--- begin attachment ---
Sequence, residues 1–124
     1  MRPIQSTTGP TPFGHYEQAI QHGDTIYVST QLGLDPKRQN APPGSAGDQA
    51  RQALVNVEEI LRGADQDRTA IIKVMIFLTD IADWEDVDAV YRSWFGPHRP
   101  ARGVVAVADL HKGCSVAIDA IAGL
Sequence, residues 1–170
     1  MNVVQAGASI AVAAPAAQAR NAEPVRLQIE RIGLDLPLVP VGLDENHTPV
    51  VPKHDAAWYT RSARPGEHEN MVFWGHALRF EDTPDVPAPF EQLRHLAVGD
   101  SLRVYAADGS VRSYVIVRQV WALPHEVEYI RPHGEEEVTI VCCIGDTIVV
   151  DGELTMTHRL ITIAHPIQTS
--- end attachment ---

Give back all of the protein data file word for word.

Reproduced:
Sequence, residues 1–124
     1  MRPIQSTTGP TPFGHYEQAI QHGDTIYVST QLGLDPKRQN APPGSAGDQA
    51  RQALVNVEEI LRGADQDRTA IIKVMIFLTD IADWEDVDAV YRSWFGPHRP
   101  ARGVVAVADL HKGCSVAIDA IAGL
Sequence, residues 1–170
     1  MNVVQAGASI AVAAPAAQAR NAEPVRLQIE RIGLDLPLVP VGLDENHTPV
    51  VPKHDAAWYT RSARPGEHEN MVFWGHALRF EDTPDVPAPF EQLRHLAVGD
   101  SLRVYAADGS VRSYVIVRQV WALPHEVEYI RPHGEEEVTI VCCIGDTIVV
   151  DGELTMTHRL ITIAHPIQTS